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Metro apps to be sold only from Microsoft's app store

September 19, 2011 06:01 AM ET

A cached version of the primer available on Thursday -- but since deleted -- confirmed the 70-30 split between developers and Microsoft.

If Microsoft follows through on the revenue sharing -- the primer said, "This documentation is preliminary and is subject to change" -- the Windows Store would mimic not only the business model of Apple's App Store, but also that of its own Windows Phone 7 e-store.

Another since-scoured part of the primer told Metro developers that they must give customers a five-device license for any purchased app. "Any customer who pays for an app can install and use that app on up to 5 Windows Developer Preview devices, so that the app can engage that customer across a range of form factors," said the documentation.

The end-user license of Apple's App Store and Mac App Store lets users install and use a purchased program on all their personally-owned or controlled devices.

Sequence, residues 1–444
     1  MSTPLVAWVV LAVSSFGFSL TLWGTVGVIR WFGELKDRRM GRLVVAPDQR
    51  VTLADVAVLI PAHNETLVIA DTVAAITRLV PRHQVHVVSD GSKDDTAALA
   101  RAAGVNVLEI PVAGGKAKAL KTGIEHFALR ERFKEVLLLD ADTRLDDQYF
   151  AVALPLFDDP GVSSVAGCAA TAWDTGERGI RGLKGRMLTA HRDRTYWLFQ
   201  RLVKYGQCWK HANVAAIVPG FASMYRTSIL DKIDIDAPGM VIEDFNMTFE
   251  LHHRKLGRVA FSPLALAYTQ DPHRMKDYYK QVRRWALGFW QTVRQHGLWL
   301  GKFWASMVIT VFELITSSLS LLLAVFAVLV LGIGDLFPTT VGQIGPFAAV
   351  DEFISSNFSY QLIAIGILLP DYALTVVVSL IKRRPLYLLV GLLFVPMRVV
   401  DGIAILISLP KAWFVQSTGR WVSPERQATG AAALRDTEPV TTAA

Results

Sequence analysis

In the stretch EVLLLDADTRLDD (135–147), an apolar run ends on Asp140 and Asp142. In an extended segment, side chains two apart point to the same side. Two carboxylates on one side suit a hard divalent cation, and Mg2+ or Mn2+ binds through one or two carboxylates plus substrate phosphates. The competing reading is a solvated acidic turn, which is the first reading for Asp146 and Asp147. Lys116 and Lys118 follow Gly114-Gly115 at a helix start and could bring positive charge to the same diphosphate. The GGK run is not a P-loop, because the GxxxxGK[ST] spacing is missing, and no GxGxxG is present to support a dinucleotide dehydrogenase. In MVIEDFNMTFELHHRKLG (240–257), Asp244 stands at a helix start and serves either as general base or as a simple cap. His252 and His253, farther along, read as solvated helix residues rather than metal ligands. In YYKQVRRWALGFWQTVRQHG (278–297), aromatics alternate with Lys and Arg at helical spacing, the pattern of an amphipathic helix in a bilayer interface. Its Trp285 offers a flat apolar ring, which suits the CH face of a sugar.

The Microsoft Store will also offer non-Metro applications -- a key difference from Apple, which splits apps into two download marts -- executives said earlier in the week.

Desktop applications in the app store will get a free ride, said Antoine LeBlond, the vice president of Microsoft's Web services group, during a BUILD keynote. "We're giving these Win32 apps a free listing service and exposing them to all of the hundreds of millions of Windows users," said LeBlond, who noted that x86 apps would not have to toe the five-license line required of Metro programs.

Microsoft has not said when it will ship Windows 8, or when it will launch the new Windows Store with Metro apps.

covers Microsoft, security issues, Apple, Web browsers and general technology breaking news for Computerworld. Follow Gregg on Twitter at Twitter @gkeizer, on Google+ or subscribe to Gregg's RSS feed Keizer RSS. His e-mail address is

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